God saved me from my depression. On an otherwise normal day, I suddenly realized that I did not like my life. I wanted something more, and I knew pursuing Jesus was the way to find it. I have been stumbling after him in the fifteen years since, and as I grow in understanding God’s big-picture plan, my existential anxiety fades. Jesus’s work on the cross is incomplete without his powerful resurrection. The brokenness of the world is incomplete without acknowledging God’s good creation and eventual recreation. As I began to understand God’s full plan, I found a theology that gave me meaning and hope.
The story of the world is one of creation, fall, and recreation. This is the larger metanarrative of history, and it is also the smaller, repeated story of our lives. Put another way, we are all in the process of creation, death, and resurrection. Postmodernism does not allow for the deeper implications of this metanarrative. If this is only a truth that applies to me, it is not a truth I can trust in. Similarly, when I believed in a theology that was centered on the cross, I still did not experience the fullness of God’s story. I was stuck in the “death” part of eschatology. My life was defined by guilt and shame. But when my perspective broadened to include creation and recreation (or resurrection), I felt a new emotion: joy. Knowing God’s intentions for recreation brought me joy, and interestingly enough, joy made me excited to participate in recreation. Philip Yancey says, “Great joy carries within it the intimations of immortality. Suddenly I wanted to live, even to live forever.”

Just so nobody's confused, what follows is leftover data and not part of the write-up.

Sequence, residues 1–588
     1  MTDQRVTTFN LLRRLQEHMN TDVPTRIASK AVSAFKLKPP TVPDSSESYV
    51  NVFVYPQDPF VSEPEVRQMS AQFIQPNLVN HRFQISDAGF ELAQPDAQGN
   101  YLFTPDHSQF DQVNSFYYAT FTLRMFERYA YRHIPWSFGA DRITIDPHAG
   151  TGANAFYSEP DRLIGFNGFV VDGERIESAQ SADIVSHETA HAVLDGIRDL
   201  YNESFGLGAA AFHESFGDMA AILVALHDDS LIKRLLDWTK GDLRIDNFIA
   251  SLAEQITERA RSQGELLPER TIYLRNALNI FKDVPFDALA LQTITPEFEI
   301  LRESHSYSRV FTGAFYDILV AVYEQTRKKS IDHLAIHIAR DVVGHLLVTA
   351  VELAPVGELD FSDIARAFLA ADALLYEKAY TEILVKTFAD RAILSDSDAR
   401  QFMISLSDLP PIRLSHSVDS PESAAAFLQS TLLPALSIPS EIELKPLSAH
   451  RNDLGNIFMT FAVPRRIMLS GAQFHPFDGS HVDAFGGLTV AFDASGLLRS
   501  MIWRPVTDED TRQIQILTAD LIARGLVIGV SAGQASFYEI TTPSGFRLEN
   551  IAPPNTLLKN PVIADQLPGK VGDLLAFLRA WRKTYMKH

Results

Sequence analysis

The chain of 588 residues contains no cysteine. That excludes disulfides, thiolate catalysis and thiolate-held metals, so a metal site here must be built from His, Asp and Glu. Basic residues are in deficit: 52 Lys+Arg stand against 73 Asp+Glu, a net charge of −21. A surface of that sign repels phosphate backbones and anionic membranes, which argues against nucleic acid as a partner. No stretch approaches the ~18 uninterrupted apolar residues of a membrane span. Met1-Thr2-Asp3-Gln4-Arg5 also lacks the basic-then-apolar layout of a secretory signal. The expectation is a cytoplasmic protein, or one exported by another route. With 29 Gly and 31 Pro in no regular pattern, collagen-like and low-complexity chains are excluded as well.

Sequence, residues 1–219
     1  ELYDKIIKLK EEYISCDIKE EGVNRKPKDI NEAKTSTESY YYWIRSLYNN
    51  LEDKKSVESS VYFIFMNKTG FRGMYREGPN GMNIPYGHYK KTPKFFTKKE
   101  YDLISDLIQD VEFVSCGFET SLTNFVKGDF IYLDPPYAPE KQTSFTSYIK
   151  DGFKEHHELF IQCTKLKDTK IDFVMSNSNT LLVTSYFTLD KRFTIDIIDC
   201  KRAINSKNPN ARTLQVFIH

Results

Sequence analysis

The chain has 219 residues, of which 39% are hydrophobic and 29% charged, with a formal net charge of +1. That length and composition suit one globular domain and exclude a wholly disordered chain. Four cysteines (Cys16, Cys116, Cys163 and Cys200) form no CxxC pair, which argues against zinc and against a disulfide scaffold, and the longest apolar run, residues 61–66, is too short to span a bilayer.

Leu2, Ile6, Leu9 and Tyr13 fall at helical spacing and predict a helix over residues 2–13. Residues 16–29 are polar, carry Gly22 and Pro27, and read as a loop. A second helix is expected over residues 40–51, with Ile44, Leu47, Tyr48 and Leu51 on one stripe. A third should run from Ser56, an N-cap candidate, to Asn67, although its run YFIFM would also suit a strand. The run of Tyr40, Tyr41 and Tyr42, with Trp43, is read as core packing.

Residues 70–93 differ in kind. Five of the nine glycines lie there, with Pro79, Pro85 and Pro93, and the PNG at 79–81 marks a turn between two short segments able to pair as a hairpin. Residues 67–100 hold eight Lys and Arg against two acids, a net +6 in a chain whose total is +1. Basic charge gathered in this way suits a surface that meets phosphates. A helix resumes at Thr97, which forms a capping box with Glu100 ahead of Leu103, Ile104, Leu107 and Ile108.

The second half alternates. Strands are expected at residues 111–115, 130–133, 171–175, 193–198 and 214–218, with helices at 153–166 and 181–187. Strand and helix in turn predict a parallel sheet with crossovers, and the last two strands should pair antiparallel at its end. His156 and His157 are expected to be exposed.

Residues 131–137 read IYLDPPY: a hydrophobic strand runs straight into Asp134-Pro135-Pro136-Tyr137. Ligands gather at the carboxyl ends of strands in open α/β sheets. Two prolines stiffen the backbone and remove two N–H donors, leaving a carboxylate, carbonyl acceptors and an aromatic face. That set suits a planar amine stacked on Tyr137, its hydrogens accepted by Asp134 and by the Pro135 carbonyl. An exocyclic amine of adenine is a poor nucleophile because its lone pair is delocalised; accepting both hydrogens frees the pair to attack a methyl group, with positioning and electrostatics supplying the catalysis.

The joy produced by a complete theological story changed everything for me. The fear-based evangelism of my teenage years was replaced by a peaceful trust in a powerful God at work in the world. I no longer feared that my friends and family members would go to hell if I misspoke or kept silent about Jesus. Instead, I fell in love with a God who created a beautiful world, continued to love it despite people who consistently thought of themselves as greater than him, and works at recreating broken people, systems, and environments both now and later in a totally redeemed new earth. Loving God made it easy to talk about Him. I did not need to explain Him or defend Him to people; instead I could share what I was learning from Him, how I saw Him working in my life, and what particularly drew me to Him. God’s call to go into the world and make disciples was transformed from a chore into a delight.